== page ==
In consideration of this theory, the different components within a manuscript (text, illuminations, marginalia, etcetera) may in turn be independent of each other, yet serve a purpose of providing an understanding of the whole. For example, many manuscripts that were produced during the Middle Ages were for liturgical purposes and were thought to contain the Word, or essence, of God. Oftentimes, the illuminations within these books were used to underscore the content of the text, yet at the same time embellish known aspects of the religious oral culture. Irrespective of the creator’s original intention for the illumination, the fact that it was housed within an object that embodied the 'essence' of God redefined its functionality. The illuminations, along with the Word of God, became a representation of God on earth. Thus, it may be suggested that any illumination within the manuscript mirrored the intention of God instead of man. If this suggestion were to be true, what then can be said about manuscripts that are liturgical, or devotional (such as a book of hours), but contain aspects that may not have been considered godly?

The medieval manuscript, and its components, has been meticulously considered by academics. However, the manuscript as an embodiment of being should continuously be analysed with regard to how its autonomous elements have the propensity to redefine the creator's intention. Such a shift over time may also suggest a break from the hierarchical attributes assigned to a creation by its creator. 


[1] R. Kieckhefer, Forbidden Rites, Penn State University Press (1997), 4.
[2] Ibid, 5.
[3] Levi R. Bryant, The Democracy of Objects (Ann Arbor: Open Humanities Press, 2011), 18, accessed March 24, 2012,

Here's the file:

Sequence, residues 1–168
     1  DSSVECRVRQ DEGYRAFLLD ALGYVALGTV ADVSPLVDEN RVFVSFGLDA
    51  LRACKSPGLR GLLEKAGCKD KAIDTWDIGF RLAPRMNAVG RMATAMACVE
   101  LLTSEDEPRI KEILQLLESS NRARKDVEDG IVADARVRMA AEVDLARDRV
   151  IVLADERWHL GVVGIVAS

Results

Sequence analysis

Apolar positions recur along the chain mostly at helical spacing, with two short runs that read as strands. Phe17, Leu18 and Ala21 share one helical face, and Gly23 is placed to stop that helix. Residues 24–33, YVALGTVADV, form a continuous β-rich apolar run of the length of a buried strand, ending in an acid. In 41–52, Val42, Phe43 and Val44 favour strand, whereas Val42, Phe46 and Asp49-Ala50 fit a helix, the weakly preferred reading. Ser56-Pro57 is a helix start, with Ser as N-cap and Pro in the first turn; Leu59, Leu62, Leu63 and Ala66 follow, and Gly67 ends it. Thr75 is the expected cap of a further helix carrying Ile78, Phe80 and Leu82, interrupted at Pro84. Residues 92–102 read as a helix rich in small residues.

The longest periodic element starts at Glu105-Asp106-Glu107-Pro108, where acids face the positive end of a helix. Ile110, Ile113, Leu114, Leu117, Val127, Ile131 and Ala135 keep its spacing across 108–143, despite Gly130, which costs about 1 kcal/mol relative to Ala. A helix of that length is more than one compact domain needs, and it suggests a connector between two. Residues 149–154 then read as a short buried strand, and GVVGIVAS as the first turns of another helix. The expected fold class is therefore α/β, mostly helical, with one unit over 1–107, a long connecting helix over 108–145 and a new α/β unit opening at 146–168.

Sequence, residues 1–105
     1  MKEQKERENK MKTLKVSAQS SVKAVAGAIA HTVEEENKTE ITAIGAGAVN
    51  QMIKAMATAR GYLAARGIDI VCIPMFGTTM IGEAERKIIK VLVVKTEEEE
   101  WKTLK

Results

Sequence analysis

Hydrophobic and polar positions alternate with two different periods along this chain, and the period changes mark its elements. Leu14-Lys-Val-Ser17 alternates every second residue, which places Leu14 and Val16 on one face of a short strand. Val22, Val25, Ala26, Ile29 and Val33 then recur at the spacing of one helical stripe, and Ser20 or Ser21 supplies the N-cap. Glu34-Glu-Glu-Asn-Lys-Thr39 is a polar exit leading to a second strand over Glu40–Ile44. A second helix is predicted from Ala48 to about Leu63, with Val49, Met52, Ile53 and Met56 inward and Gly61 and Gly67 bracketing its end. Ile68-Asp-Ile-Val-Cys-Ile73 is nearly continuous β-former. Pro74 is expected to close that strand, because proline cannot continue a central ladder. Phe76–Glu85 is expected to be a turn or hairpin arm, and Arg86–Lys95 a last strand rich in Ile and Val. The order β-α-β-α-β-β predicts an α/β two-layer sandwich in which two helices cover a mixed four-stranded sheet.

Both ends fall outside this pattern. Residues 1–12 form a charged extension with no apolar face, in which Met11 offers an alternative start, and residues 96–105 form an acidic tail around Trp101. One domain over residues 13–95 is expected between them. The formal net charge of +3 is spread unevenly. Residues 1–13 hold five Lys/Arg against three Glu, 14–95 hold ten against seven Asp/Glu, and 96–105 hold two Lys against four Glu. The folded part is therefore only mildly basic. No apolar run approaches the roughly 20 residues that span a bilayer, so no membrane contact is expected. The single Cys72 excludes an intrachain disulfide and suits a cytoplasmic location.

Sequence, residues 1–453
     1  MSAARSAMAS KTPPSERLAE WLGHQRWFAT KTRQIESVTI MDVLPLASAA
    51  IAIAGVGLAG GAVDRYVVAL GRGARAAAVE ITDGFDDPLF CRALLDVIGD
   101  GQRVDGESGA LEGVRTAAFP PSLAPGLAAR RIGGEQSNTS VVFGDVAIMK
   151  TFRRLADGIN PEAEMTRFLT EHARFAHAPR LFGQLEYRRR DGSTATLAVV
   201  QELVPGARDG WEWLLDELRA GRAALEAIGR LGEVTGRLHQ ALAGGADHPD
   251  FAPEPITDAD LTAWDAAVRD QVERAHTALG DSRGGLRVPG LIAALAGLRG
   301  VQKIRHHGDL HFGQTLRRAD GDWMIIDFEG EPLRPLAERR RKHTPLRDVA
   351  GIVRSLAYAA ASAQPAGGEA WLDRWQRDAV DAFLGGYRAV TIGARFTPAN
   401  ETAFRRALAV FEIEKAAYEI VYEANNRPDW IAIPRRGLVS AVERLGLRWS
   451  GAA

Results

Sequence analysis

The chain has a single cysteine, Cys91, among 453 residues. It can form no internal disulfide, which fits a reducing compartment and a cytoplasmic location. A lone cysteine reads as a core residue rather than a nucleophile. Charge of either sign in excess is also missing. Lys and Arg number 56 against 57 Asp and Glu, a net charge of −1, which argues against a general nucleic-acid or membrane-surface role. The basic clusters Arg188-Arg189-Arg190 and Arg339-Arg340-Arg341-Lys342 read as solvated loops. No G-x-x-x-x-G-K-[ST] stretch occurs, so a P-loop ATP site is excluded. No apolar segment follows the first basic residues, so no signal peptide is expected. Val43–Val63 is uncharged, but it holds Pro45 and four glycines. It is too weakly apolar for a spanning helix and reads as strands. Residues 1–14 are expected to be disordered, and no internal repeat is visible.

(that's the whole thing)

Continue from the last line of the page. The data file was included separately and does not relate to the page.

1. Thanks for this - it really resonates with some of the things I've been thinking about/researching recently. Manuscripts have such a presence, and it has taken me a while to realize that I shouldn't dismiss that as sentimentality but consider it a part of their nature. You make some good point about how to work in that direction.

    I also thought you might like this if you don't know it: Riddle 24, from the 10th-century Exeter Book compilation of Anglo-Saxon poetry.
    Exeter Book riddle 24:

    A life-thief stole my world-strength,
    Ripped off flesh and left me skin,
    Dipped me in water and drew me out,
    The hard blade, clean steel, cut,
    Scraped-fingers folded, shaped me.
    Now the bird's once wind-stiff joy
    Darts often to the horn's dark rim,
    Sucks wood-stain, steps back again
    With a quick scratch of power, tracks
    Black on my body, points trails...

    It continues on to describe more of the transformation of raw materials into a book, perhaps a Bible. It's concerned more with the past of the book than it's function extending into the future, but is cool to consider in terms of what you have to say here, I think.

    1. Thank you for your comment. Ontology in reference to the manuscript is a facet of my research that I am still developing. However, I wanted to share it not only as a means to further develop my work, but also to reach out to other people who may have inquiries along the same lines. The riddle is quite interesting as it does touch upon the purpose of the entry rather well, I specifically like the manner in which the book is speaking in the first person.